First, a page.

JUDGE: DRUG SEARCH LEGAL
Wednesday, March 30, 2005
By Brendan Kirby
An Alabama state trooper did not cross the legal line when he searched
pickup truck after a traffic stop earlier this year and found millions of
dollars worth of methamphetamines, a federal judge ruled Tuesday.
U.S. District Judge William Steele denied a request by defense lawyers to
bar evidence turned up by the Jan. 10 traffic stop on Interstate 10 in
Steele determined that the stop was valid because the trooper noticed the
2002 Chevrolet Avalanche weaving. Steele also pointed to the trooper's
testimony that driver Juan Perez-Oliveros and passenger Juvenal Espinoza
appeared extremely nervous, with trembling hands.
"So now we've got suspicion ratcheted up a notch. That may or may not be
enough" to go forward with a search, Steele said.
He added that each man in the truck gave a different account of where the
duo was headed. That, coupled with the judge's determination that the men
voluntarily consented to the search, proved sufficient cause.
Defense lawyers Dom Soto and Carlos Williams expressed disappointment
after the hearing.
"That's what goes on in federal court these days," Soto said.
State Trooper Charles Anderson testified that he pulled over the Avalanche
just east of the Theodore exit on I-10 at 12:20 a.m. on Jan. 10. He said
he initially became suspicious by the men's demeanor, especially
Perez-Oliveros, whose anxiety level he termed "one of the highest I have
seen" in thousands of traffic stops. He said the driver's nervousness did
not subside even after Anderson issued a warning rather than a ticket.
Anderson said his suspicion grew when Perez-Oliveros could not tell him
his passenger's name, despite the fact they had been driving together for
Anderson said Perez-Oliveros told him a friend had paid for him to fly to
San Antonio to drive the friend's uncle to Atlanta. But Anderson said
Espinoza separately told him that he was traveling from Laredo, Texas, to
When Anderson asked Perez-Oliveros why his friend did not simply pay his
uncle to fly to Atlanta, the suspect answered that Espinoza wanted his
truck with him, the officer testified. Anderson testified that he followed
that reply by questioning what Espinoza would want with a truck since he
had no driver's license. The trooper testified that Perez-Oliveros did not
"Your honor, you've got a preposterous story unraveling here," Assistant
U.S. Attorney George May said during argu ments. "The more the officer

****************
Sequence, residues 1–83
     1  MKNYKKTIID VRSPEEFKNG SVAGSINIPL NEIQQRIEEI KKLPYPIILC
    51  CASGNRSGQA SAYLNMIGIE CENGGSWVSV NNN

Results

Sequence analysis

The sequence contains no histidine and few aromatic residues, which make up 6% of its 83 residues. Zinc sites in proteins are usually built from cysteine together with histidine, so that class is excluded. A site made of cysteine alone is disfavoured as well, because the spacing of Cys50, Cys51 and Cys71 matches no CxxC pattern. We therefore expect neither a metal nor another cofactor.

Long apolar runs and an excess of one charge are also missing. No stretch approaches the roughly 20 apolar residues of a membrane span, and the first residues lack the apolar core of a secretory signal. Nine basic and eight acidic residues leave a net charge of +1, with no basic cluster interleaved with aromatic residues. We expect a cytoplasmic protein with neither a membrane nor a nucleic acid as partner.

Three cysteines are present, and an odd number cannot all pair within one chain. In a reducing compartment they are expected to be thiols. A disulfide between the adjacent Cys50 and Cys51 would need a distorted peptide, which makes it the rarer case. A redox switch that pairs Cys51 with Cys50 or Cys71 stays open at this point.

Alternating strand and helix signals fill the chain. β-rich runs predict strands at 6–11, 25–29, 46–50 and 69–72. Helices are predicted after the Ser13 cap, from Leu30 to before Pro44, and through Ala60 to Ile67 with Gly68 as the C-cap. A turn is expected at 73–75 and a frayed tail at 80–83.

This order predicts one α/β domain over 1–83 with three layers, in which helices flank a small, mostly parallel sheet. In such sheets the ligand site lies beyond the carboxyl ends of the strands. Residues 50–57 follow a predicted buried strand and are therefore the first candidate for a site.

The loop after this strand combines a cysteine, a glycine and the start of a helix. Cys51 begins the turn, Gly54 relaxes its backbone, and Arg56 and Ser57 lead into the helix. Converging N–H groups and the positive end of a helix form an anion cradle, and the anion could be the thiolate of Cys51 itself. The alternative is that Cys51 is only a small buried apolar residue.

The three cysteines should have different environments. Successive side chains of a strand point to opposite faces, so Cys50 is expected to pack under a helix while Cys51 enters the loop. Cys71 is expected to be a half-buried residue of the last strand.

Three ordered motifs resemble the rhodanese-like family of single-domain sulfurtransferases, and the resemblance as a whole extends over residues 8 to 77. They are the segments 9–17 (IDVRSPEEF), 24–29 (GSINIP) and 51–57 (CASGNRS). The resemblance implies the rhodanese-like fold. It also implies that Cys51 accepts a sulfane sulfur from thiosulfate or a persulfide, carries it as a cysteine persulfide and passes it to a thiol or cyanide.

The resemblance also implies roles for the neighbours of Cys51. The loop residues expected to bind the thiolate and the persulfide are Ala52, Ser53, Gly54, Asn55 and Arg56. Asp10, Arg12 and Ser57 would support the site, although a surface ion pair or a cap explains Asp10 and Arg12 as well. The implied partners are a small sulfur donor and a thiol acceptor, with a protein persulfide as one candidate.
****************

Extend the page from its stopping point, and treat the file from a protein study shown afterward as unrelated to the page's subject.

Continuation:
probes, the more preposterous the story becomes."
Federal defender Carlos Williams, who represents Espinoza, argued that his
client was too English-deficient, too hard of hearing and too retarded to
understand Anderson during that stop. He also noted testimony that the
driver had a valid license, that the truck was registered to Espinoza and
neither man was wanted by authorities.
"The government has weaved this (drug) courier story," he said. "They need
more (justification), and they don't have it."
Soto, who represents Perez-Oliveros, recounted a story of visiting Cuba in
1998 and watching police interrogate his interpreter on allegations of
operating illegally as a cabbie. Soto said he had known the man for three
years but drew a blank on his name when police asked.
"You just can't imagine what it is to be a stranger in some place and be
accosted," he said. Anderson testified that Perez-Oliveros consented to a
search both orally and in writing. He said he got a "yes" answer when he
asked Espinoza -- in Spanish after the suspect had difficulty
communicating in English -- if he could search the vehicle. Espinoza
declined to sign the form but again said "yes" and gestured toward the
vehicle when asked a second time, Anderson testified.
Troopers removed the inner panels from the wall of bed on both sides of
the truck and found 52 odd-shaped packages wrapped in black tape. The
packages contained 66.25 pounds of methamphetamines and another 18.75
pounds of a purer form of drug called "ice."
A Drug Enforcement Administration agent testified that street value of the
drugs would exceed $7 million.
In his own testimony, Perez- Oliveros denied driving erratically.
"There was no reason to stop me," he said. "He checked my license and I
didn't even have a ticket."
DOM SOTO'S HOMEPAGE